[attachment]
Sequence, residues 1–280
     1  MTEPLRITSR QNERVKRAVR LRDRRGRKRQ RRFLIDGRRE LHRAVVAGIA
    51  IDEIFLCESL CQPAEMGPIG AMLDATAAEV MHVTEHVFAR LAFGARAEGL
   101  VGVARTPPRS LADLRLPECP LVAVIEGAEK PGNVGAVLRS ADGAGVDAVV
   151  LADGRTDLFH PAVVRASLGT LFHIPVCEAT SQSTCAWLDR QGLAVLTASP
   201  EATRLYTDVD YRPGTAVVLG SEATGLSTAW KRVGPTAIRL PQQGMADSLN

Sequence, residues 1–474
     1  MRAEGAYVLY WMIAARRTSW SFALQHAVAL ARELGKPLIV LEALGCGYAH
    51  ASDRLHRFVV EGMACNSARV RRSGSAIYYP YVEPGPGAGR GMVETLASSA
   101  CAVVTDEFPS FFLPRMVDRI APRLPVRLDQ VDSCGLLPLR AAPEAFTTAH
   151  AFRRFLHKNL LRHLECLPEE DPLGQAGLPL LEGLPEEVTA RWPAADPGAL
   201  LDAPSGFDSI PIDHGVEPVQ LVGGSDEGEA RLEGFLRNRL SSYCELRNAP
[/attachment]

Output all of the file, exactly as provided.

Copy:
Sequence, residues 1–280
     1  MTEPLRITSR QNERVKRAVR LRDRRGRKRQ RRFLIDGRRE LHRAVVAGIA
    51  IDEIFLCESL CQPAEMGPIG AMLDATAAEV MHVTEHVFAR LAFGARAEGL
   101  VGVARTPPRS LADLRLPECP LVAVIEGAEK PGNVGAVLRS ADGAGVDAVV
   151  LADGRTDLFH PAVVRASLGT LFHIPVCEAT SQSTCAWLDR QGLAVLTASP
   201  EATRLYTDVD YRPGTAVVLG SEATGLSTAW KRVGPTAIRL PQQGMADSLN

Sequence, residues 1–474
     1  MRAEGAYVLY WMIAARRTSW SFALQHAVAL ARELGKPLIV LEALGCGYAH
    51  ASDRLHRFVV EGMACNSARV RRSGSAIYYP YVEPGPGAGR GMVETLASSA
   101  CAVVTDEFPS FFLPRMVDRI APRLPVRLDQ VDSCGLLPLR AAPEAFTTAH
   151  AFRRFLHKNL LRHLECLPEE DPLGQAGLPL LEGLPEEVTA RWPAADPGAL
   201  LDAPSGFDSI PIDHGVEPVQ LVGGSDEGEA RLEGFLRNRL SSYCELRNAP